• parents are aware that our guiding principle is to keep children and school staff safe;
  • that parents will not be prosecuted or penalised for keeping their children at home;
  • that the information they need is on our website.”

Regarding academies, the trust boards for academies are the accountable body. However we were told that “throughout lockdown academies have worked extremely closely with  county and partners in the schools sector to manage the schools that are open for key worker and vulnerable children who have been attending school.

In the run up to 1 June, academies have also worked very closely with county’s  education and learning officers with many contributing to the creation of the Suffolk guidance and then using it!

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*   LDGI Group Letter to Cllr Mary Evans, SCC Cabinet Member for Education,
26 May 2020

Dear Cllr Evans,

Further opening of Suffolk schools

I am writing to you on behalf of the Liberal Democrat, Green and Independent Group with regards to the further opening of schools in Suffolk.

We would like to express our support for the NEU’s five tests that the Government should meet before moving to the further opening of schools. We believe that this is vital to ensure that schools do not become the new front-line.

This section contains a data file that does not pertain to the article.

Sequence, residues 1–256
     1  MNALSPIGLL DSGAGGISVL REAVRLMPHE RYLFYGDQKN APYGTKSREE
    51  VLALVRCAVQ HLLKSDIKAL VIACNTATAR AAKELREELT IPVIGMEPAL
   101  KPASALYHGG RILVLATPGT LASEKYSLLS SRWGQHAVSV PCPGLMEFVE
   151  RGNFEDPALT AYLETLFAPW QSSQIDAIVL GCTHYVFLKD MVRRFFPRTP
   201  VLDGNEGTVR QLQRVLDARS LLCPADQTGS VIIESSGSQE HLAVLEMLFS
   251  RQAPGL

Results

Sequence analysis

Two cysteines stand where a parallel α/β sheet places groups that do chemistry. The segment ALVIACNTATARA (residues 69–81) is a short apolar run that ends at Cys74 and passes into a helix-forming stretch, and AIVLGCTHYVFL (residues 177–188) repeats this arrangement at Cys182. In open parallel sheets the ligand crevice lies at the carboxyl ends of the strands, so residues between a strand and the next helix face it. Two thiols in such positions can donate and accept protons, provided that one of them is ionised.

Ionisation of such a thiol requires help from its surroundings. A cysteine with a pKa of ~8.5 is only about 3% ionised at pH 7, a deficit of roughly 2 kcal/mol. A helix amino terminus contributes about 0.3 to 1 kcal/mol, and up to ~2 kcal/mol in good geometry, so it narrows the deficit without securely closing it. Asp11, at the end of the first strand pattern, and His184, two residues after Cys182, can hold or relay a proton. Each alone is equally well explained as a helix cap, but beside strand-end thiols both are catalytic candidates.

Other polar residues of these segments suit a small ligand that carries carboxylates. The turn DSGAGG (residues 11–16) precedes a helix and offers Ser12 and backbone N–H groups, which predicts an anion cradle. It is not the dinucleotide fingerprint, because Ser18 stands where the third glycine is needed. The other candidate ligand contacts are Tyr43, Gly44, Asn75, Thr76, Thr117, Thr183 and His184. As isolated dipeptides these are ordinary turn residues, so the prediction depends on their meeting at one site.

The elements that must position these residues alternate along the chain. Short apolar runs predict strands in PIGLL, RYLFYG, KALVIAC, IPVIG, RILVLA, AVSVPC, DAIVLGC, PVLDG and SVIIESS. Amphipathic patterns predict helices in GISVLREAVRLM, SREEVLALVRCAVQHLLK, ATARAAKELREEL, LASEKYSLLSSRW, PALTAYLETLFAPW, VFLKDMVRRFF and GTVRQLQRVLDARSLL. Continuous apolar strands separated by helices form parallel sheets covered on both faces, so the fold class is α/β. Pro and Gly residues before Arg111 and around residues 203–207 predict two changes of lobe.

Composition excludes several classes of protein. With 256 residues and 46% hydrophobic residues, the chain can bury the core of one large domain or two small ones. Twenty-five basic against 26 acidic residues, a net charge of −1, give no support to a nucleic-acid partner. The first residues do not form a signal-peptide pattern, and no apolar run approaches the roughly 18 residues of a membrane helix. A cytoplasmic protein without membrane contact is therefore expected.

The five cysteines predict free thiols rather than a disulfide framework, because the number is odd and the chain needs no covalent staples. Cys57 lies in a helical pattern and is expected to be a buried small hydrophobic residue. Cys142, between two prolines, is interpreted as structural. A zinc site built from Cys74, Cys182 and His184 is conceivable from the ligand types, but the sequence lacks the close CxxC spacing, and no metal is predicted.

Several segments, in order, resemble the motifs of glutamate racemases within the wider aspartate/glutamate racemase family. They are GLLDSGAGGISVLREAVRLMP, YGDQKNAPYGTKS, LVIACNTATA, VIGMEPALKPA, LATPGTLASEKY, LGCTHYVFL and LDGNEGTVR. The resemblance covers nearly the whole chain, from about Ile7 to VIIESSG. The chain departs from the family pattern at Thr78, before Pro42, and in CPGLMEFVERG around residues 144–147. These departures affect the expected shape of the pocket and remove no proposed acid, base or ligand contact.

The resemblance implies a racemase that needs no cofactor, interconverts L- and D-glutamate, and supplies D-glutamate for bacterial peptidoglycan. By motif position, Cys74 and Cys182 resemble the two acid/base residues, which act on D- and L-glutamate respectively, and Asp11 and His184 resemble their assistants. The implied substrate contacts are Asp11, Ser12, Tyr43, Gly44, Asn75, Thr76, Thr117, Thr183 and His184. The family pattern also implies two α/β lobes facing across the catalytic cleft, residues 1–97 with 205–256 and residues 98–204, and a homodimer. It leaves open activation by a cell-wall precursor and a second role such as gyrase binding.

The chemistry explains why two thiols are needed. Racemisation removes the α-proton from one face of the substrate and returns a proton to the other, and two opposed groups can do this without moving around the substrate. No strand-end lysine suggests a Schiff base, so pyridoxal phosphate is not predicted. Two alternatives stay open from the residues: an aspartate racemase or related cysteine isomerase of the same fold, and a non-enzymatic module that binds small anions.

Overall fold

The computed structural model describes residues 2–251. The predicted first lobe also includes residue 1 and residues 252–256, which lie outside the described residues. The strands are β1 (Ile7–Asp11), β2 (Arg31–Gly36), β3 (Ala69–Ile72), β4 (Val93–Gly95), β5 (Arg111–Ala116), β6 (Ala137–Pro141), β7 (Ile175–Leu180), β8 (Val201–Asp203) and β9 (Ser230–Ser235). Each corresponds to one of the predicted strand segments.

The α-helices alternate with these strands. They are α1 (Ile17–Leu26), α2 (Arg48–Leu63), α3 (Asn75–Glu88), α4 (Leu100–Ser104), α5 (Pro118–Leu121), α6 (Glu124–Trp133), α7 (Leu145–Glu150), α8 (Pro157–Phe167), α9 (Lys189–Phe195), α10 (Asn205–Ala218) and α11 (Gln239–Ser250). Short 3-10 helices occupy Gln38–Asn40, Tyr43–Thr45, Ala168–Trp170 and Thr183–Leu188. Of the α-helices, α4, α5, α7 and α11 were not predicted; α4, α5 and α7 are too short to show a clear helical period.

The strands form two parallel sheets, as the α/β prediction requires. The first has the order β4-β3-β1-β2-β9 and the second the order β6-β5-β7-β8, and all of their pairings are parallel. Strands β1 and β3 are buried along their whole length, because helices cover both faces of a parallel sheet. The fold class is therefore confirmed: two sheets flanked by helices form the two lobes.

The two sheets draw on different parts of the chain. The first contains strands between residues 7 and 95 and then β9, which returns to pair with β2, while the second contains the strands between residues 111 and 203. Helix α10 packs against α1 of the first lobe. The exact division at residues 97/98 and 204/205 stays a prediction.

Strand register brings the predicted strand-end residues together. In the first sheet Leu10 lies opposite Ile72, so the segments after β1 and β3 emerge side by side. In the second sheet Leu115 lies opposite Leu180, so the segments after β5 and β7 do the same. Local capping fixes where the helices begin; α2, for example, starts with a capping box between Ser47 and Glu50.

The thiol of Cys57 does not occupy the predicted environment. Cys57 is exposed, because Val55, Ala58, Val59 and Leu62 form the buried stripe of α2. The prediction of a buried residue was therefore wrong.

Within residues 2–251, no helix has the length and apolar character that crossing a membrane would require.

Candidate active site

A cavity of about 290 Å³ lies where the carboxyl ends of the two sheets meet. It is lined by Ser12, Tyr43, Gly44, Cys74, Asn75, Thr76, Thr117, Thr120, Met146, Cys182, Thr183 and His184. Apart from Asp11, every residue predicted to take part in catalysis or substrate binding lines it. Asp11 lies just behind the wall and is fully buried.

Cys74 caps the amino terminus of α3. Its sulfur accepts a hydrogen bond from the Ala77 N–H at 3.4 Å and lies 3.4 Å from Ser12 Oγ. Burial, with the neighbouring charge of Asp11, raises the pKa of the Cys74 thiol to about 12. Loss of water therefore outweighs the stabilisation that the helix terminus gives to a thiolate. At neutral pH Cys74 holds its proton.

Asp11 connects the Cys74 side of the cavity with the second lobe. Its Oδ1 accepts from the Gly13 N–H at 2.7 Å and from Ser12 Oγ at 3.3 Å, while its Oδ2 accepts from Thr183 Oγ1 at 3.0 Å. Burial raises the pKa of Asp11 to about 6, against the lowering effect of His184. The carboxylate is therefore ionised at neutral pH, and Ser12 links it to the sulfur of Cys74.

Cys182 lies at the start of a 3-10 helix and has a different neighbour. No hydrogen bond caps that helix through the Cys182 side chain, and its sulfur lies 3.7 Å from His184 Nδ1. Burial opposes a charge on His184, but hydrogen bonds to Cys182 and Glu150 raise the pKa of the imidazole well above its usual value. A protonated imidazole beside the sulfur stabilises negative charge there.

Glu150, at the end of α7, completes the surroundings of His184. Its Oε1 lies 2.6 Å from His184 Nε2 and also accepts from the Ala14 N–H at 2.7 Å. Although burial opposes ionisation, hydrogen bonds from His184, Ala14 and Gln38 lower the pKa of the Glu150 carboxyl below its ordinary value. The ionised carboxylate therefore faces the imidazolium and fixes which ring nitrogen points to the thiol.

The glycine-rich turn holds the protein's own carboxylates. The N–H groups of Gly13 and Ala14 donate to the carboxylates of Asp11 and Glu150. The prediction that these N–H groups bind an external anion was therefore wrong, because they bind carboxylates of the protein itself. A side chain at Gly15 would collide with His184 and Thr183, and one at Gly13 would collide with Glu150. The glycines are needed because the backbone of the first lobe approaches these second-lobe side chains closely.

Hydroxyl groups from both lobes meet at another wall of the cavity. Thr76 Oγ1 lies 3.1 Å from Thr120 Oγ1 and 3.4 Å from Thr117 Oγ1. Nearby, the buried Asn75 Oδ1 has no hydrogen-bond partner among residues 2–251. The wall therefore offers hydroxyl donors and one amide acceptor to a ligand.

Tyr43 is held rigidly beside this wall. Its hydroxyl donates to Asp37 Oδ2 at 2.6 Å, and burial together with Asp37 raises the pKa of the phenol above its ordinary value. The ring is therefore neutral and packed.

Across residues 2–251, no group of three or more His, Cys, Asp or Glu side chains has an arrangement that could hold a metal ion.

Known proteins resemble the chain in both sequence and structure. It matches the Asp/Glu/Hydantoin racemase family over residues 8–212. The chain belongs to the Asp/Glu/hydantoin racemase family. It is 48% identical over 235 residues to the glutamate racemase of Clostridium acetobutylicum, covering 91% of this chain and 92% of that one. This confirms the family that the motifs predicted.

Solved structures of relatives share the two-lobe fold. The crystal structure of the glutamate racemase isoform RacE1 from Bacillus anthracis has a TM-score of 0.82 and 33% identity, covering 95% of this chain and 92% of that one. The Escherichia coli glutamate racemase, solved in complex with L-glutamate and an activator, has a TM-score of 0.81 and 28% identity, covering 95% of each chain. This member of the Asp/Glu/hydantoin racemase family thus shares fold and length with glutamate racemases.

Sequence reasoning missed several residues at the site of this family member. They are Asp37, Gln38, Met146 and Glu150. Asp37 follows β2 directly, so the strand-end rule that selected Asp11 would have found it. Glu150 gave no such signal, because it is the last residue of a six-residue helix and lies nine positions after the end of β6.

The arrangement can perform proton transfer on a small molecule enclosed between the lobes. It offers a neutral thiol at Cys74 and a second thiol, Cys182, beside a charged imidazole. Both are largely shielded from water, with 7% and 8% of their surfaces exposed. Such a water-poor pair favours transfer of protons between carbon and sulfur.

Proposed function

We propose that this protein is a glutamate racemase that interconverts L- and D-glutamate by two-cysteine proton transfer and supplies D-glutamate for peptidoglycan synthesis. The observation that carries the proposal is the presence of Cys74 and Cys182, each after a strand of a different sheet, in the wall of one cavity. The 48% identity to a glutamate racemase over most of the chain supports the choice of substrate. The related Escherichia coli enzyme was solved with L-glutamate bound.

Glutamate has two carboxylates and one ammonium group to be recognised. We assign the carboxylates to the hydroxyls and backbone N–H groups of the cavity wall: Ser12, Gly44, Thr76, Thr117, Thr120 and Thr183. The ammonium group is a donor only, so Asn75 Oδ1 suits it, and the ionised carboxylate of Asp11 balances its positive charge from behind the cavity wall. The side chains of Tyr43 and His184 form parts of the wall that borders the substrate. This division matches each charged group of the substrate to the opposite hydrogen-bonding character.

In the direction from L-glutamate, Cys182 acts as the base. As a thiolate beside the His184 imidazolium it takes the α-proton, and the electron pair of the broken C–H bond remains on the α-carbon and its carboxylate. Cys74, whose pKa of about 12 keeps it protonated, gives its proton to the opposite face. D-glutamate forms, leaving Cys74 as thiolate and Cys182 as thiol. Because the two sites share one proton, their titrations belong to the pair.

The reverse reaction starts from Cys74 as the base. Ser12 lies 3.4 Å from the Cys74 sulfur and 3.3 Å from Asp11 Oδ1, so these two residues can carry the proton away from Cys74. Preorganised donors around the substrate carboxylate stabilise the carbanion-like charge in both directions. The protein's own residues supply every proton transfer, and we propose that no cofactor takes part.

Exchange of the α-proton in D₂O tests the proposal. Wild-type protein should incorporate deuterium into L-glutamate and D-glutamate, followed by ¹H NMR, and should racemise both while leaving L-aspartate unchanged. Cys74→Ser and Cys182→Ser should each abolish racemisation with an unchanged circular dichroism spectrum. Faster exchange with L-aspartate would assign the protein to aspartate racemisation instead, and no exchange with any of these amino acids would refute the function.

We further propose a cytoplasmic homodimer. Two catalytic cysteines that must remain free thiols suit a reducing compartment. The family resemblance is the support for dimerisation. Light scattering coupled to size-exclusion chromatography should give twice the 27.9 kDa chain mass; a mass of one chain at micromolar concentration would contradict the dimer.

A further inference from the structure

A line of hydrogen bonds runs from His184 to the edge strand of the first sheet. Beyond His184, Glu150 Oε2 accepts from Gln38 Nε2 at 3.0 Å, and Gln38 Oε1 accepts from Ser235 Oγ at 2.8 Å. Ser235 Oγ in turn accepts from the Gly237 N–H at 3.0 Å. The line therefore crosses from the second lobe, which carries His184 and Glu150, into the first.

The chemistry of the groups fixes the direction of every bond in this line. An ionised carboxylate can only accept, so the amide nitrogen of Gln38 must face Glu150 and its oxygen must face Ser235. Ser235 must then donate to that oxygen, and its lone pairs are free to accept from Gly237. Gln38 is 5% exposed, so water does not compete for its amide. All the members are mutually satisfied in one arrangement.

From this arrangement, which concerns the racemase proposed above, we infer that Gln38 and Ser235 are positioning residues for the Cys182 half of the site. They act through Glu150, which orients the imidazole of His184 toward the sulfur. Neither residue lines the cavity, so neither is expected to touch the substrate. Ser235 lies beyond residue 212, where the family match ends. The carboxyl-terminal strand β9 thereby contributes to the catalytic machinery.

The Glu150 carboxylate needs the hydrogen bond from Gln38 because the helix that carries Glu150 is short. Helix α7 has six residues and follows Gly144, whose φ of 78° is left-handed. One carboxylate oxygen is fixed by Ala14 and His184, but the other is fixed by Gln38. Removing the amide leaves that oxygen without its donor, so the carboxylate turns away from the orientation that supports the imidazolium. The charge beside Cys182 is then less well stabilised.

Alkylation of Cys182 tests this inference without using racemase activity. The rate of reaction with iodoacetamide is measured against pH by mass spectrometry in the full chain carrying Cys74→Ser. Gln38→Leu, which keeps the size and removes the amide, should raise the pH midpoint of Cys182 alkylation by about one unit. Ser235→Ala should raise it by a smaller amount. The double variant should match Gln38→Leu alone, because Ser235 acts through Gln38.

We understand that Suffolk County Council are proposing to take a risk-averse, safety-first approach to the further opening of Suffolk schools, and we really applaud you on this.

However, from speaking with members of our communities, we feel that this message is not necessarily being understood by schools and parents, who are understandably nervous about the prospect of sending children back to school on 1 June.

We believe that Suffolk County Council should:

    • • Reassure parents that they will not be fined if they choose not to send their child to school;
    • • Encourage both maintained and academy schools to undertake rigorous risk assessments before deciding to open to more children; and
    • • Provide guidance to parents on what support/equipment is available to them if their children continue to study from home.